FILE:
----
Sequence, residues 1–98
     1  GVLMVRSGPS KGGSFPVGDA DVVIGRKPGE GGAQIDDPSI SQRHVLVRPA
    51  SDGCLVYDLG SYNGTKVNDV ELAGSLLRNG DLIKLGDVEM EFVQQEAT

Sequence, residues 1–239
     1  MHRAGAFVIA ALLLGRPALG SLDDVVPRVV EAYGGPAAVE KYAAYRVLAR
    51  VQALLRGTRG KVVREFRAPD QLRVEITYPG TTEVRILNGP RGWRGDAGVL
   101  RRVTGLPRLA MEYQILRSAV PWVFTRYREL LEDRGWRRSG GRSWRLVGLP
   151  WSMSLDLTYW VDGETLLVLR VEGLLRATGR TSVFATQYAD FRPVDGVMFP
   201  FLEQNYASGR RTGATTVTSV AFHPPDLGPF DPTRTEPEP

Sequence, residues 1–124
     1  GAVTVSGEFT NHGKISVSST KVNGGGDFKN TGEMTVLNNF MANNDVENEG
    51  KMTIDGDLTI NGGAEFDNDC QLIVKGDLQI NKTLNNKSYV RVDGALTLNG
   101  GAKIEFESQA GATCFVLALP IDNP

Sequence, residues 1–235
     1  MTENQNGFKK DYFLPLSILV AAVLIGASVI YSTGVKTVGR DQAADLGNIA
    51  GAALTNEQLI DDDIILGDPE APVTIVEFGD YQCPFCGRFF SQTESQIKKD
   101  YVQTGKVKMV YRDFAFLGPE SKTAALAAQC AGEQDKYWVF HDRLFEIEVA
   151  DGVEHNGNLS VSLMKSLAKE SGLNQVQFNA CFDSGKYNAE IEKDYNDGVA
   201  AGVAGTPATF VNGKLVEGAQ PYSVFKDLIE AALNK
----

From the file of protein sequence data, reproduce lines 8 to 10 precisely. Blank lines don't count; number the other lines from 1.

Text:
   151  WSMSLDLTYW VDGETLLVLR VEGLLRATGR TSVFATQYAD FRPVDGVMFP
   201  FLEQNYASGR RTGATTVTSV AFHPPDLGPF DPTRTEPEP

Sequence, residues 1–124